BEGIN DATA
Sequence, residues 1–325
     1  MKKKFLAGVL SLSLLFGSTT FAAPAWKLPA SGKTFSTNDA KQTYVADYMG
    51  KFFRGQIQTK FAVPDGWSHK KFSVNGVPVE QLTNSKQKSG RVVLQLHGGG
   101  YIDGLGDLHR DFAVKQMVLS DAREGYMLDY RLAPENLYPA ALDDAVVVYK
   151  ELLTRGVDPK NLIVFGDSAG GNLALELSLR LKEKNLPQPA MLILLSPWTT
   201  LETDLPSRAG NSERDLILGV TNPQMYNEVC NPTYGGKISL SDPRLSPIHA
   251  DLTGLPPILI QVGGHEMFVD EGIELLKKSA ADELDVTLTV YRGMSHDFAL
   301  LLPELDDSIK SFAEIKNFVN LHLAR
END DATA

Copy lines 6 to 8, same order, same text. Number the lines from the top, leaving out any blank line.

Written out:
   201  LETDLPSRAG NSERDLILGV TNPQMYNEVC NPTYGGKISL SDPRLSPIHA
   251  DLTGLPPILI QVGGHEMFVD EGIELLKKSA ADELDVTLTV YRGMSHDFAL
   301  LLPELDDSIK SFAEIKNFVN LHLAR